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Learning from Someone Else's Mistakes: David Myers Speaks to Baylor Accounting Students on Ethics

Sept. 22, 2010

By Nincy Mathew

David Myers, former controller of WorldCom, talked to almost 200 of Baylor University's accounting students about the importance of standing firm ethically when faced with decisions in the workforce.

Myers was involved in an 11 billion dollar accounting scandal in 2002, when WorldCom came under pressure to cover its declining profitability. He spent a year and a day in federal prison and now travels to different universities talking about his experiences.

"This is not something I'm proud to do. I do this because I hope I can help someone not go through what I went through, and that's the only reason," Myers said.

Dr. Bill Thomas, KPMG/Holton Chair, J.E. Bush Professor and Master Teacher, considers Myers' story to be necessary for all students.

"David Myers' story is timeless, because it contains all of the common threads woven into virtually every fraud since we began keeping records: pressure, opportunity, and rationalization," Thomas said. Students were also impressed with Myers.

"I admire his honesty and humility. It takes a lot of strength to relive those events," senior and accounting major, Alicia Beard said.

Myers emphasized to the students that prior to pleading guilty on three felonies; he had nothing more than a speeding ticket on his record.

"I didn't realize I was working for people I couldn't trust. They were lying to their investors, but I told myself it wasn't my lie," Myers said.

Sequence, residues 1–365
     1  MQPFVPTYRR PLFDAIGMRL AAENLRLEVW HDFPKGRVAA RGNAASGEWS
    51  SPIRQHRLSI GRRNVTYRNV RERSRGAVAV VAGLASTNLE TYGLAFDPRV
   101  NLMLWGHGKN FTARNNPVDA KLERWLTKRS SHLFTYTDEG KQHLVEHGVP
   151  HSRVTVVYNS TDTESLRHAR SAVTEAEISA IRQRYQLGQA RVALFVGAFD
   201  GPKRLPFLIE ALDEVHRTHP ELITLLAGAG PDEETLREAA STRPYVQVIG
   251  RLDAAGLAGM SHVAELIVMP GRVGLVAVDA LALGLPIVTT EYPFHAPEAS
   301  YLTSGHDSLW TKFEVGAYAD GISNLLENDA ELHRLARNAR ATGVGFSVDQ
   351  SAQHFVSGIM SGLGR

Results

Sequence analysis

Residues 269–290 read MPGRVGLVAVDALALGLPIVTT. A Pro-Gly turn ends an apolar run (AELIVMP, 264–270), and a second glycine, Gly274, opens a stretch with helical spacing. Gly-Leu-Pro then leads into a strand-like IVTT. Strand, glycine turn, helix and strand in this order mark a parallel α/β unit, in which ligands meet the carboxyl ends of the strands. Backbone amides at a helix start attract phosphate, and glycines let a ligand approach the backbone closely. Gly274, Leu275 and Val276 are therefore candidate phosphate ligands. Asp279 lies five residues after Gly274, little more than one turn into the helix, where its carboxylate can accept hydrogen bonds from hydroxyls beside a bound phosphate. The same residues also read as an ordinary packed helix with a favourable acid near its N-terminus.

But when WorldCom's revenues began shrinking, Myers was backed against a wall. He used illegal accounting methods to mask WorldCom's declining state--according to his boss, Scott Sullivan's, orders.

"I allowed Scott, his morals and his ethics override mine. Everything I built in life, all the things my parents had told me, everything I entrusted in myself, I let him override that," Myers said.

Thomas hopes those who attended took away a powerful lesson.

"Everyone needs to realize how easy it is to start down the slippery slope that could lead to fraud, and how important it is in business not to forget the most basic of ethical teachings we have learned throughout our lives: honesty, fidelity, respect for authority; and taking the "high road" to obey a "higher law" when those in authority over us ask us to do dishonest things," Thomas said.

Students understood that they will be vulnerable to such dilemmas after graduation.

"These situations come up in business every day, even if not to the extent of WorldCom. It is important for all students to learn to do what is right in the small things, and to be ready to make hard decisions," Beard said.

Myers ended with this advice to the students: always take the high road even if it means quitting and to make cautious and ethical decisions.

"I'm not suggesting mental paralysis every time you have to make a decision," Myers said. "But when your antenna goes up, there's a reason for that." He also added that no one can take responsibility for anyone else's actions except his or her own. "And if someone claims that they can, run the other way."

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